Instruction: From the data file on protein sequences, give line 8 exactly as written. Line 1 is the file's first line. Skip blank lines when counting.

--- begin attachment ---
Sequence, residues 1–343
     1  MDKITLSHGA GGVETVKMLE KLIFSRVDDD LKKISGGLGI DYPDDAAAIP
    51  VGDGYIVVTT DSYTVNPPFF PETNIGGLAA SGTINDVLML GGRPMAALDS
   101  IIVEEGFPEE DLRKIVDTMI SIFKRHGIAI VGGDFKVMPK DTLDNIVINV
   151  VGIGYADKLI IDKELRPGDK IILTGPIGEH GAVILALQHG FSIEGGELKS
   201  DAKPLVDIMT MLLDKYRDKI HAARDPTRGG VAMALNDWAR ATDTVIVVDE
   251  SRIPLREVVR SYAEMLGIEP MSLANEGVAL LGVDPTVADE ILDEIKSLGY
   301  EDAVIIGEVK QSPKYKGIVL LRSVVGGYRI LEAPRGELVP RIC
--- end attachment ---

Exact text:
   301  EDAVIIGEVK QSPKYKGIVL LRSVVGGYRI LEAPRGELVP RIC